Camino de Santiago and the project management lessons learned on the way

Camino de Santiago is one of the most renowned catholic pilgrimages in the world. The traditional route – the French Way – starts in Saint Jean Pied de Port (France), ends in Santiago de Compostela (Spain), and is about 800 km long. Although its origins were purely religious, today more and more people are perceiving it as a journey towards their inner self or as a means for overcoming personal limitations and reflecting on pressing matters in their lives.

My Camino de Santiago started in Pamplona and ended in Muxia, at the Atlantic Ocean. It lasted just a little over a month (July 22nd – August 26th, 2019) and the decision to leave was made at the beginning of May that same year. It is said that Camino de Santiago calls for you and I believe it was the case for me too. The idea to walk the Camino came very sudden and the following day I even bought the plane ticket. So there I was with a goal set and a plane ticket, it was time for planning.

The Compostela

There were a few reasons why I decided to treat this adventure like a project. First of all, it required a considerable amount of sustained effort for a month: 20-25 km per day, while carrying a backpack that should weigh no more than 10% of your body weight (which is still quite heavy, especially after 10 km). Secondly, a journey like this entails a high level of uncertainty and risk: you can get injured because of the effort, you might be robbed, it can also get too overwhelming physically or emotionally to complete. And lastly, while I was doing the initial research about the Camino I discovered that it has also a tangible result. It is a certificate that all pilgrims that have walked at least 100 km can receive when they reach Santiago de Compostela. In order to demonstrate their effort, pilgrims carry with themselves a credential where stamps from the road are collected with their corresponding dates.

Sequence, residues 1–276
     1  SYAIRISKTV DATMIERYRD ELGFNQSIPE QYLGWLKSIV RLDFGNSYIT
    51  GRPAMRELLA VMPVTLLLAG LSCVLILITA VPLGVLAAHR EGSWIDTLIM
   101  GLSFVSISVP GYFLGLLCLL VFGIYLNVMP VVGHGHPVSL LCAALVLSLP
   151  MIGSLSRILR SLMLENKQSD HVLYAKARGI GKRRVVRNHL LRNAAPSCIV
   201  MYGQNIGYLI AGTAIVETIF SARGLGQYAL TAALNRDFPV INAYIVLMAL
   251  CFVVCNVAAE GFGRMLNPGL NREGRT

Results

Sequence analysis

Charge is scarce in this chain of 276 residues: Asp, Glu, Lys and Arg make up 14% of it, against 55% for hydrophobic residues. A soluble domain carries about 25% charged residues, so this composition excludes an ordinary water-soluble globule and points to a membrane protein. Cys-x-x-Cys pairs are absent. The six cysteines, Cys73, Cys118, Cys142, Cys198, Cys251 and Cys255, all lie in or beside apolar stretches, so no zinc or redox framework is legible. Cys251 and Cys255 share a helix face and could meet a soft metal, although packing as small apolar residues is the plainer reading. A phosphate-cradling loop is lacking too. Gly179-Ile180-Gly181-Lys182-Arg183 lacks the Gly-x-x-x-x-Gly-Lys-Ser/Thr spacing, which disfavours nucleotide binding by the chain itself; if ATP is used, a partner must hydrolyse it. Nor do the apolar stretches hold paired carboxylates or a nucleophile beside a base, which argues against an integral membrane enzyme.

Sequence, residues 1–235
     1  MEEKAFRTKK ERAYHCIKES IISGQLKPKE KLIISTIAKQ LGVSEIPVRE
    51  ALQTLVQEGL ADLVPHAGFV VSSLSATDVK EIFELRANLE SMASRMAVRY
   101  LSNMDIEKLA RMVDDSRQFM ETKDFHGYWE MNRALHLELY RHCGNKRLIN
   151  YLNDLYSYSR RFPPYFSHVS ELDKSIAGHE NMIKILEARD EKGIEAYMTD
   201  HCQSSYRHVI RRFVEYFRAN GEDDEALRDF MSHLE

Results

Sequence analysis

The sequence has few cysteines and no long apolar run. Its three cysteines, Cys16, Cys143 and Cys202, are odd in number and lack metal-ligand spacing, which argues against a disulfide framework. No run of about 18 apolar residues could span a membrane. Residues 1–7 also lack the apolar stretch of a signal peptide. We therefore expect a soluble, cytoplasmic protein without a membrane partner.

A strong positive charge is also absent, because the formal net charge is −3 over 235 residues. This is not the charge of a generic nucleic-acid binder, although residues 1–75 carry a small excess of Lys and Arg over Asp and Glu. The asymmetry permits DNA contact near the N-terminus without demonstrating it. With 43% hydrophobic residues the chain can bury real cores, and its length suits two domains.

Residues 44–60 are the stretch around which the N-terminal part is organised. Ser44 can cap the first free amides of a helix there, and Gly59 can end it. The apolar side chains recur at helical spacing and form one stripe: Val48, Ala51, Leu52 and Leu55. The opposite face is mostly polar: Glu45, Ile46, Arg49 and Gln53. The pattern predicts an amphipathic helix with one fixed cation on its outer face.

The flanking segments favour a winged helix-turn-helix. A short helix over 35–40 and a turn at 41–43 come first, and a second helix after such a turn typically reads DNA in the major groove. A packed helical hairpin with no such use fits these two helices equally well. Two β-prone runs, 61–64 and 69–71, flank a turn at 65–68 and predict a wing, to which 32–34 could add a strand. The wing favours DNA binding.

Therefore, everything about the Camino felt very similar to how projects are managed: it required planning, it was implemented in phases (daily stages in this case), validated at the end (through the Compostela) and reflected upon (in order to integrate the experience in the mundane life). And I will share in the following section what my inner project manager has experienced and learned on the way.

Having access to documented lessons learned can be “life saving”

The first thing that “hit me” was the importance of documented lessons learned, especially when you, personally, lack a similar experience. Just think about the new project managers in a company or about a time you were assigned a different kind of project than the ones you were accustomed to. How much difference it makes to have access to historical information and lessons learned from past projects?